United Seychelles criticises government’s ‘mismanagement’ of Covid-19 wave | 19 January 2021
- Urges govt to consider 14-day lockdown
Opposition party United Seychelles (US) has criticised the new administration’s handling of the second wave of Covid-19 in the country as well as its recent decision to reopen borders to all countries.
In a televised press conference yesterday, US called for a thorough review of the government’s coronavirus response, claiming the government’s actions to be insufficient in light of the rising cases of Covid-19 among the population.
Even in spite of the country’s economic crisis, US is urging the government to place the country under a full 14-day lockdown, and amp up the Covid-19 vaccination programme, so as to put the Covid-19 spike under control.
“United Seychelles seeks to express its concerns in regards to the situation which we can only describe as out of control. It is evident today – just four months after the world applauded us for our good handling of the pandemic – that Seychelles is now among one of the countries where Covid-19 is causing havoc,” said Patrick Herminie, a member of the party’s national executive committee.
Dr Herminie was accompanied and flanked by two other US executive committee members – leader of the opposition in the National Assembly Sebastien Pillay and former minister Jacquelin Dugasse.
Comparing Seychelles’s small population to its neighbour Mauritius that has over 1 million inhabitants, Dr Herminie observed that it is extremely worrying that Seychelles has surpassed Mauritius in its number of total Covid-19 cases.
As of yesterday morning, the number of Covid-19 cases in Seychelles had reached 705 while Mauritius had recorded 547 total cases.
“For US, this is clearly the result of a laissez-faire attitude by everyone concerned; not only the citizens but also by those who were supposed to lead by example,” stated Dr Herminie.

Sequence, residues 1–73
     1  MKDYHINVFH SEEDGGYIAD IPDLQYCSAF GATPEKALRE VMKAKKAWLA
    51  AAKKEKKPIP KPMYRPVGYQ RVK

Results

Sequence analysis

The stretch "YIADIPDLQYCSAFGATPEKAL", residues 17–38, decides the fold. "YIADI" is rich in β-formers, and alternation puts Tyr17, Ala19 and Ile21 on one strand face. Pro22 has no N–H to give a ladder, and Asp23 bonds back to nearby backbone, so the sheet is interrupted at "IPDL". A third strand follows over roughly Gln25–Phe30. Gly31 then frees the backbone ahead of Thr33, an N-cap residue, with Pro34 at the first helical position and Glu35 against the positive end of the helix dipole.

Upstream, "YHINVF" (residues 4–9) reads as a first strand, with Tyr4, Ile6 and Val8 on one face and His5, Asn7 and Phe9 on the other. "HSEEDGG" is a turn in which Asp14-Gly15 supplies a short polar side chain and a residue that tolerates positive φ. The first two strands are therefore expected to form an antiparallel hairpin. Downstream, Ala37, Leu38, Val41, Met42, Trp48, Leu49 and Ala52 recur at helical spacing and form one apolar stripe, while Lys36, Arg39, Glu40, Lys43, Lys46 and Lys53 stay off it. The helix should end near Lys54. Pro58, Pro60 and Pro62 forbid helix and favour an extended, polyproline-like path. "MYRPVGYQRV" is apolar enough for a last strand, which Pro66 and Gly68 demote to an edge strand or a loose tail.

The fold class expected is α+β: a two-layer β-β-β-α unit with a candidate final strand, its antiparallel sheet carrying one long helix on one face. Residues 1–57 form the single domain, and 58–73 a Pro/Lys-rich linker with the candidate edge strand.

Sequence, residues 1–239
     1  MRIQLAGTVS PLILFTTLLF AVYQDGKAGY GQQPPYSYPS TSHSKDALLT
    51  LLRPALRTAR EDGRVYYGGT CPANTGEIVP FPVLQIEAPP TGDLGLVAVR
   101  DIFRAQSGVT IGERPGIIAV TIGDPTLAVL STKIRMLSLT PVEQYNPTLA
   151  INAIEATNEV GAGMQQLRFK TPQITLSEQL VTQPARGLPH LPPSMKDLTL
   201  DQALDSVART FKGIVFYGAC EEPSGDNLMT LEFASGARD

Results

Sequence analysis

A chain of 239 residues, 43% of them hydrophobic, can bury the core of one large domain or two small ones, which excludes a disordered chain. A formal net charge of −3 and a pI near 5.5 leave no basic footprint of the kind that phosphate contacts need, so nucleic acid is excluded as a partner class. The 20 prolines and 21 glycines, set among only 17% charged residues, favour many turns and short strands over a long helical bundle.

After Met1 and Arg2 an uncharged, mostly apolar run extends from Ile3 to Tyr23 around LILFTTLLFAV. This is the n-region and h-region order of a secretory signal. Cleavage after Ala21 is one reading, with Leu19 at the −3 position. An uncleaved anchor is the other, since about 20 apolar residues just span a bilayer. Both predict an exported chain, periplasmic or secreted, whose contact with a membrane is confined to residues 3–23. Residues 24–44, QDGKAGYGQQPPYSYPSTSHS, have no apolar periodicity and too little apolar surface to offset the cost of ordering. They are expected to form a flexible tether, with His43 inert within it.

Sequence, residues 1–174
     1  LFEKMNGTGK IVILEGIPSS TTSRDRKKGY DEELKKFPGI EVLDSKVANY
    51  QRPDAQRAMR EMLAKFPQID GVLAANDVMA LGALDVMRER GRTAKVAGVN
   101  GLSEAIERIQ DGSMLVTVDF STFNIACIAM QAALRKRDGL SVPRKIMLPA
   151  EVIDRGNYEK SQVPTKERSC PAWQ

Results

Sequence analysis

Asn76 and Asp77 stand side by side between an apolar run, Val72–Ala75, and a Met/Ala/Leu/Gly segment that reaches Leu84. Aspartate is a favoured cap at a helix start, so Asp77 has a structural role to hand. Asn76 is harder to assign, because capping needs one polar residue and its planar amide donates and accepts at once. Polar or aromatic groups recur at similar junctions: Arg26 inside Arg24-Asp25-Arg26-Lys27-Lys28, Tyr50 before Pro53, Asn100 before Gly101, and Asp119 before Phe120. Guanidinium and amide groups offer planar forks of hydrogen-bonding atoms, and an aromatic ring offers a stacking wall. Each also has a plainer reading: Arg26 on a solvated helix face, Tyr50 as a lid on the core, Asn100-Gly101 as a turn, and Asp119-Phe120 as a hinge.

Further, the opposition party has expressed concerns on the Ministry of Health’s new policy which states that persons placed under 14-day quarantine are not to be tested for Covid-19 unless they show symptoms of the virus. Dr Herminie argued that this means that positive, asymptomatic cases of Covid-19 can go undetected simply, alleging that this is dangerous for the populace.
“US unreservedly condemns the government’s decision to reopen the frontiers to everyone who holds a proof of vaccination or a negative PCR test[…]” also stressed Dr Herminie.
Citing the World Health Organisation’s advisory published in various news outlets, Dr Herminie noted that WHO officials have recommended that countries not use vaccine passports as conditions for travel due to the “critical unknowns regarding the efficacy of vaccination in reducing transmissions and limited availability of vaccines”.
The government’s plan is to only use the vaccination passport as a requirement of entry until mid-March 2021 by when, it is hoped, that a significant number of Seychellois residents would have been vaccinated.
In response to this decision, Dr Herminie yesterday said: “To reopen the country completely in mid-March, another decision taken by government, is dangerous because they have stated that only 25% of the population would be vaccinated by then.”